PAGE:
Impact of prebiotics on intestinal microbiota, immunity and allergy: concept and clinical applications
Professor Udo Herz, Danone Nutricia Early Life Nutrition, Amsterdam, The Netherlands, and Associate Professor of Immunology and Laboratory Medicine, Philipps-University, Marburg, Germany
Allergies, including food allergies, in infants have increased substantially in the past decades. Allergies mostly start within the first months of life and are associated with the introduction of food, including exposure to cow’s milk or cow’s milk-based infant formula. Sometimes they progress into lifelong clinical manifestations, often referred to as the ‘allergic march’. Although manageable, no curative therapy has yet been developed. Therefore, primary allergy prevention strategies focus on preventing the first steps in the allergic march, often focusing on exposure to the food proteins (including cow’s milk), especially in infants at risk.
Allergy prevention in infants and children is an active area of research, and a number of studies have focused on either completely avoiding or reducing early exposure to food proteins in at-risk infants. Most expert committees conclude that in infants, there is evidence to support modifying dietary exposure to protein by using extensively or partially hydrolysed formula instead of intact cows’ milk protein formula to reduce the risk of allergies, however the results in other meta-analyses and guidelines are not consistent.1,2
Differences in the studies using hydrolysed formula in primary allergy prevention could relate to the clinical endpoints assessed and/or the type of formula used. The clinical manifestations of food allergies, including eczema, are highly complex, differing in their age of onset, pathogenesis (ranging from acute to chronic phases), severity and natural history, and involve many factors beyond allergy. Recent insights indicate that the primary abnormality in eczema is that it is a skin-barrier defect; allergic sensitisation is a secondary phenomenon that increases the severity and longevity of atopic disorders.3 Thus, interventions that reduce sensitisation and/or induce tolerance may be more important for long-term outcomes.4 In addition, beyond the hydrolysis of cow’s milk proteins, other substances have been added (eg prebiotics, probiotics) that may have an impact on the development of allergies. The effects of these changes in infant formula composition are not considered in most meta-analyses. This situation calls for a more differentiated approach to understanding the pathophysiology and the efficacy of nutritional intervention strategies in primary allergy prevention.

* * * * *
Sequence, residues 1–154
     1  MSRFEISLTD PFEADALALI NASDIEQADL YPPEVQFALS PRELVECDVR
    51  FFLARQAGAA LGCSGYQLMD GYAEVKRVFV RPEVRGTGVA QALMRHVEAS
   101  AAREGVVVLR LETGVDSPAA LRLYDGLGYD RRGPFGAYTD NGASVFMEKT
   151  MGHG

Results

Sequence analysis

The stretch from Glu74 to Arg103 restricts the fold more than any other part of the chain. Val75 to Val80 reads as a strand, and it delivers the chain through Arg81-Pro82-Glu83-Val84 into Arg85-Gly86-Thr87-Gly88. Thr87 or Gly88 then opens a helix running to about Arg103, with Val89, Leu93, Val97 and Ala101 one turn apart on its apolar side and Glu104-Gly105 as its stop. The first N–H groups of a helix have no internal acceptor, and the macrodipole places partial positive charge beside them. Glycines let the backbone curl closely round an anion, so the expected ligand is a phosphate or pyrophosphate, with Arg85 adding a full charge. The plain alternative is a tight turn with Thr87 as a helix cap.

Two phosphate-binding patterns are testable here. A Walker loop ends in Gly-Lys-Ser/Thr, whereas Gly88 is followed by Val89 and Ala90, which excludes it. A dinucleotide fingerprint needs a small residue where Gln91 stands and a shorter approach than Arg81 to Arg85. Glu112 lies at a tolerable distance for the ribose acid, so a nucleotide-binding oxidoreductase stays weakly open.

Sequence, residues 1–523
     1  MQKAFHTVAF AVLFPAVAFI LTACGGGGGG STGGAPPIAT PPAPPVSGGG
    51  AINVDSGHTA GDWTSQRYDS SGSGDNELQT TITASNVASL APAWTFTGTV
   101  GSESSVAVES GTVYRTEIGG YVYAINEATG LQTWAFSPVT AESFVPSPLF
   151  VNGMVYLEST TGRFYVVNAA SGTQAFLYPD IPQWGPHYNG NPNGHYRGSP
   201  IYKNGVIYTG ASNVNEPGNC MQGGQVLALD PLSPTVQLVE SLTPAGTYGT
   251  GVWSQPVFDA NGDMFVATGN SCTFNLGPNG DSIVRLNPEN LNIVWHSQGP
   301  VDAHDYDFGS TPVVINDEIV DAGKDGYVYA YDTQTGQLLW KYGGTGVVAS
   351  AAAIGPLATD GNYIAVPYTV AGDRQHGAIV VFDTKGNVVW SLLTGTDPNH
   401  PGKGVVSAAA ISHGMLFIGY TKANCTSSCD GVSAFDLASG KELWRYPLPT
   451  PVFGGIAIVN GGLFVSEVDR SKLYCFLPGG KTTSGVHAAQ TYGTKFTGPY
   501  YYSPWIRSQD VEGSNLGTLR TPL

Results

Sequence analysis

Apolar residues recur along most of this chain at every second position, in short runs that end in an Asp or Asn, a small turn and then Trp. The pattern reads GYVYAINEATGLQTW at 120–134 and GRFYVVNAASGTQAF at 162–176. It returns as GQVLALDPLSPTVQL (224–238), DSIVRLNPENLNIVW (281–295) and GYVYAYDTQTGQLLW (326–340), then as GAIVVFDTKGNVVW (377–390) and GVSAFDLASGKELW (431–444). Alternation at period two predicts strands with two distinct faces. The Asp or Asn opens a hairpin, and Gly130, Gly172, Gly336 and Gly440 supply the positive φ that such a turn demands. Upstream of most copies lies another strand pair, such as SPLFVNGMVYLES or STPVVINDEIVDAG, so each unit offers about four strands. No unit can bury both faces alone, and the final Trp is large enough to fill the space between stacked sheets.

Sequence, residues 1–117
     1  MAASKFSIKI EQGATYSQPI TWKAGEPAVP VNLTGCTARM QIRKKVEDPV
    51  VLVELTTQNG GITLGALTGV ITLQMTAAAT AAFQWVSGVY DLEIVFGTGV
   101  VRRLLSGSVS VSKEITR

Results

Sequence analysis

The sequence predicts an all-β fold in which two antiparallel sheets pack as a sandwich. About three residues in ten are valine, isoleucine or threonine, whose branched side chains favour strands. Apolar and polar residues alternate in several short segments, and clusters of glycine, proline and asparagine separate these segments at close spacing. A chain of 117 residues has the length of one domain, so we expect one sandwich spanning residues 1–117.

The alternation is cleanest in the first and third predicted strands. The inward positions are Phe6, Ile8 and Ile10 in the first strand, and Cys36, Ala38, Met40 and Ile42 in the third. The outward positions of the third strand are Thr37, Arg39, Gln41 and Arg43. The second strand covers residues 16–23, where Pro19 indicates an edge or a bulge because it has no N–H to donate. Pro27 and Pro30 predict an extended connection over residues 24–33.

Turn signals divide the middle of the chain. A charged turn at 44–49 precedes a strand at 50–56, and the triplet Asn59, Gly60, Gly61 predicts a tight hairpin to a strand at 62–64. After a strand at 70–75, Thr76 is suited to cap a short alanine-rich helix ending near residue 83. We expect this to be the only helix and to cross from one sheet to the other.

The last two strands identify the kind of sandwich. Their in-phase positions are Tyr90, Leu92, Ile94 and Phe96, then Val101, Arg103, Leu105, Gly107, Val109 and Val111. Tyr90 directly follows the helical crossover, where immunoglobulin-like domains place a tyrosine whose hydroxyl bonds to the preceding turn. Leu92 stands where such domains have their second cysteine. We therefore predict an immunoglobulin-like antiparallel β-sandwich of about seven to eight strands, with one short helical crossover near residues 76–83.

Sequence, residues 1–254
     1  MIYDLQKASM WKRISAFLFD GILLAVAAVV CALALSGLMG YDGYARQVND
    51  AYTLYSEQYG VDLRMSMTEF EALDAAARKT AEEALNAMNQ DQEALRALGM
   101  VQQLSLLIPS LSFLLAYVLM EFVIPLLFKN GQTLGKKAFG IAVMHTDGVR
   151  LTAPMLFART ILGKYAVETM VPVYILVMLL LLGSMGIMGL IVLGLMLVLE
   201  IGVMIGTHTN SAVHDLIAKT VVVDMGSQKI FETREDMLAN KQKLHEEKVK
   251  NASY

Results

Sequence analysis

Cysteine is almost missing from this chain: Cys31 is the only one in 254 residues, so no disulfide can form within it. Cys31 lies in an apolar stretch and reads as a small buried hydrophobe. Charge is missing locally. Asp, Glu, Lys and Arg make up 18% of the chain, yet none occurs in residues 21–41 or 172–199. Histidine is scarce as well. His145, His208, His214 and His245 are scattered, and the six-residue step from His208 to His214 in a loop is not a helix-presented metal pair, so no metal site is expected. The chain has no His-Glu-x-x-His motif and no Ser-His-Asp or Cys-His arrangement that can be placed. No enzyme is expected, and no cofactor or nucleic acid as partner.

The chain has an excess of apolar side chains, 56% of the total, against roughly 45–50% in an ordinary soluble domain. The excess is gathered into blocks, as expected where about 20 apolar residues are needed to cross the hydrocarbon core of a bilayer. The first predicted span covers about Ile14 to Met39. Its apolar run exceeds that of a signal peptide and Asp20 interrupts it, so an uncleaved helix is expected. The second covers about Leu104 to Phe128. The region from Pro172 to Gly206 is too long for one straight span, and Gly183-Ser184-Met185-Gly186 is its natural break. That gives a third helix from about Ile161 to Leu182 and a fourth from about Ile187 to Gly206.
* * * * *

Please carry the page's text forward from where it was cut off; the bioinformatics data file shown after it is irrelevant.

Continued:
Although the pathological mechanism largely differs between the clinical manifestations, they share the fact that the immune system reacts towards normal food proteins (there is a loss of tolerance). Early in life the infant is exposed to a wide variety of food and microbial antigens. While the human intestinal immune system is immature in this critical period, the infant must learn very quickly how to discriminate between potential disease-causing microbes and harmless antigens, such as food proteins and commensal bacteria. This physiological event leading to a controlled response to harmless food proteins is known as the induction of local and systemic immunological tolerance, or oral tolerance. Scientific progress in the last few years has highlighted the importance of the gut microbiota as a crucial factor for immune maturation and tolerance acquisition to foods (recognising them as ‘harmless’). Low gut microbial diversity and disturbances in gut colonisation patterns during infancy and childhood have been associated with later onset of allergies.
Scientific progress in the last few years has highlighted the importance of the gut microbiota as a crucial factor for immune maturation and tolerance acquisition to foods.
Early-life nutrition has a substantial impact on the developing gut microbiota, which responds rapidly to dietary change. There is evidence that the addition of prebiotics such as short-chain galactooligosaccharides/long-chain fructooligosaccharides (scGOS/lcFOS [9:1]) to infant formula brings the gut microbiota of formula-fed infants closer to that of breastfed infants.5 The increase in number of bifidobacteria correlates with the amount of intestinal secretory immunoglobulin A (sIgA) in the infant gut.5,6 sIgA-dependent function at the intestinal surface barrier supports tissue repair, thereby contributing to an individual’s threshold for food allergy. The addition of prebiotics (scGOS/lcFOS [9:1]) in infant formula is also associated with striking changes in production of microbial metabolites including short-chain fatty acid fermentation products.6 These metabolites have strong anti-inflammatory effects, both locally in the gut mucosa and beyond, and induce regulatory T-cells and tolerogenic dendritic cells, thereby mediating a protective effect against infections and allergies in both infants at ‘high risk’ and ‘low risk’ of allergy, based on their immediate family history of allergic disease.4,7–10 Most recently, the World Allergy Organization (WAO) guideline panel performed a systematic review and suggests the use of prebiotic supplementation for the prevention of allergy in not-exclusively breastfed infants.11
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